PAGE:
A few weeks back we wanted to take the Mudbug on a back road adventure. I came up with a route to Hico, TX that would take us on unpaved roads. We got up early to prep the Jeep for the adventure. We took the doors off, removed the soft top, and were excited to get started. I hopped in the drivers seat, put the key in the ignition, pushed in the clutch, and it slammed to the floor without resistance. The clutch was gone.
It was a huge disappointment for us. I looked over at Margaret and said “The clutch is gone”. At first she smiled thinking I was just playing around. Then after I pumped it a few times I saw the truth of it wash over her face. At this point there was no telling what could be wrong. I began to worry that we would have to tow it to a transmission shop for repairs. That’s not what anyone would want to hear. We closed the gate, put everything back on the Jeep and went in the house to figure out our next step.
We have put a lot of repairs into this Jeep since we got it. I’ve worked on vehicles since the 80’s and know my way around a vehicle. I also knew purchasing an older vehicle would have issues, especially a Jeep. You just don’t know how hard previous owners drove it. Admittedly a good portion of repairs were actually upgrades that we wanted to install for performance. Most of the other repairs have been pretty simple like the radiator replacement, exhaust headers, valve cover gaskets, etc. A transmission failure is on a completely different level of repairs though.
Diagnosing The Issue
Before taking it to a transmission shop I wanted to troubleshoot a bit first. We had just driven it the week before without issue so I knew it wasn’t the clutch plates or anything major. I crawled underneath and noticed a bit of leaking around the area where the clutch slave cylinder attaches to the bell housing. I removed the clutch slave cylinder and found a seal had gone out in it which allowed fluid to escape. When I disconnected the clutch line I had Margaret push the clutch pedal. Nothing came out of the clutch line so the clutch master cylinder wasn’t pushing fluid through to the slave cylinder. Looked to me like the clutch hydraulic system had failed.
Replacing The Clutch Hydraulic System
When systems like this fail it’s usually beneficial to replace all of it. This is a closed system that only relies on three components to function. A clutch master cylinder, a clutch line, and a clutch slave cylinder. We ordered all three parts on Amazon for just under $150. I had a few days before the parts would arrive so my son came over to help me with uninstalling the clutch master cylinder. That is a two man job and quite difficult to get out. We also noticed a sticky film on the side walls inside the brake cylinder. On the Jeep, the brake cylinder is also the fluid reservoir for the clutch line. The reservoir would need to be cleaned too.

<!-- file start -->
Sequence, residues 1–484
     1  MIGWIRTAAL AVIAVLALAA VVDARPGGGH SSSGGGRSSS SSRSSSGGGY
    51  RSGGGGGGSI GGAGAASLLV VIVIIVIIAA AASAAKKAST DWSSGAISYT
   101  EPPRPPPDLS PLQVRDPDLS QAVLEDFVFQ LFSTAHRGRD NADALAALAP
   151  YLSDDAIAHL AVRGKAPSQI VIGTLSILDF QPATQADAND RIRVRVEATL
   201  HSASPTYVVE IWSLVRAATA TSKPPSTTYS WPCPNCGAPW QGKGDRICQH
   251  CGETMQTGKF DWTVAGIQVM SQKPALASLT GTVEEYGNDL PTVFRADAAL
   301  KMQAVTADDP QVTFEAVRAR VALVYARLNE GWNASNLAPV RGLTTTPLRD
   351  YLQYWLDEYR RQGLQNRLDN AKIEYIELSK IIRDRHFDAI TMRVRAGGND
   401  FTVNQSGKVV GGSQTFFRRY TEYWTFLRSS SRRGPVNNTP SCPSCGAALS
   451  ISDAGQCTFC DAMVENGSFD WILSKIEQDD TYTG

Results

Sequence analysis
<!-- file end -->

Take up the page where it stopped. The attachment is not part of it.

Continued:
So many times during repairs one problem will often cascade into more problems. It’s common because so many systems rely on other systems to function. Upon removal of the brake reservoir we were unable to get it clean. The gunk was stuck to the walls. Even scrubbing didn’t work because of different compartments that prevented us from getting a brush inside. I also became concerned with that gunk getting into the brake and clutch lines. The right decision was to replace the part so we could start with clean DOT 3 brake fluid that would not get contaminated from the gunk inside the old reservoir. I couldn’t find just the reservoir but Autozone had a replacement brake master cylinder with a reservoir. Another upgrade…
Installing The Parts
The brake cylinder and reservoir went on without issue as did the clutch master cylinder. That was a bit unexpected since the clutch master cylinder was quite difficult to remove. The clutch slave cylinder however was difficult. There isn’t much working room in the area where it is installed. Removing the drive shaft would have helped a lot. Once we installed the clutch parts we had to bleed both the brake lines and the clutch line. I watched a couple videos about purging air from the clutch system, none of them followed the instruction manual from the manufacturer. I decided to follow the provided instructions first and even though accessing the bleeder valve on the clutch slave cylinder was difficult, the process worked perfectly. We also completely purged the brake lines of the old fluid which was very dark until fresh clean DOT 3 fluid came out of each line.
The next day we drove the Jeep a couple hundred miles to test the clutch and brakes. Everything worked perfectly and we had a great day. I’ve been testing the clutch every couple days to make sure it is holding pressure, which it is. I am also grateful that the issue arose while the Jeep was sitting at the house instead of on the road, or even worse, on a trail.